Rule-breaking and meaning-making in Edward Lear
Keywords:Literatura inglesa, Poesía inglesa, Lear, Edward, The Complete Nonsense, Psicolingüística
AbstractNonsense seems to break many rules of semantico-syntactic compatibility and somehow managed to construct discourse. This paper discusses the work of Edward Lear, the 19th century English writer and painter in a attempt to identify some of the linguistic and psycholinguistic principles underlying the nonsense text. It claims that nonsense relies on a "fuzzy" image—not meaning, but the suggestion of meaning or a feeling of sense, which results basically from the manipulation of the phonemic and lexemic possibilities of the English language and the exploitation of patterns of redundancy, sustained by a rigid syntactic and metric structure. It also suggests a relation to strategies of child language acquisition which would on the one hand explain the popularity of nonsense and on the other hand support the hypothesis that the origin of the genre is to be sought in the nursery-rhyme tradition of English literature.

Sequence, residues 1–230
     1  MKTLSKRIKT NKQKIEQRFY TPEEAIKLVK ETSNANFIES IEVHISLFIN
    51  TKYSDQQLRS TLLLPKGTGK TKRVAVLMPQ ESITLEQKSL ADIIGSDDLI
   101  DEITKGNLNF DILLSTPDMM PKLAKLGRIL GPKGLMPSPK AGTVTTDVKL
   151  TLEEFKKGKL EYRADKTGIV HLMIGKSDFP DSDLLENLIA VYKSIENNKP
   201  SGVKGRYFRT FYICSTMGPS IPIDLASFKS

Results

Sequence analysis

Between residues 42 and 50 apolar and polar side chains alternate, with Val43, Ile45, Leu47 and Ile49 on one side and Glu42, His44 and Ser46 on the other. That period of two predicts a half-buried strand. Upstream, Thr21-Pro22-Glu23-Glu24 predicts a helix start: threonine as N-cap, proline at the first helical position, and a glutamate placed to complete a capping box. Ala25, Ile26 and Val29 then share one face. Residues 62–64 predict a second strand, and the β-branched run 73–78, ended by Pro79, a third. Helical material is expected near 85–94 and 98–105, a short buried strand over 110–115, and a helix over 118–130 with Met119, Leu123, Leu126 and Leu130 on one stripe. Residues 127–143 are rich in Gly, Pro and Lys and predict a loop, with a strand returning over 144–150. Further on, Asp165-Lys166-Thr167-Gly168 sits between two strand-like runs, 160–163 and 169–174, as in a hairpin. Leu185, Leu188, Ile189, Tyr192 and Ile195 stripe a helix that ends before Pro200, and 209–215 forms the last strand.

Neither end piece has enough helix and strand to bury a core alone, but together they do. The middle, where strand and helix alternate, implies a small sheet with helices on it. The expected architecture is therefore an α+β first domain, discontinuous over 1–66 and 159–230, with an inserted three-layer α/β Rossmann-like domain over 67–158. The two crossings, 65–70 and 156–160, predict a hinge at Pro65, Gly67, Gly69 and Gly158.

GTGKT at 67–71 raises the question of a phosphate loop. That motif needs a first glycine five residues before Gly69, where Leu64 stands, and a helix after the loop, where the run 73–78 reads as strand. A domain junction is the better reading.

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How to Cite
Ponterotto, Diane. 1993. “Rule-Breaking and Meaning-Making in Edward Lear”. Alicante Journal of English Studies / Revista Alicantina De Estudios Ingleses, no. 6 (November):153-61. https://doi.org/10.14198/raei.1993.6.14.
Copyright (c) 1993 Diane Ponterotto
This work is licensed under a Creative Commons Attribution 4.0 International License.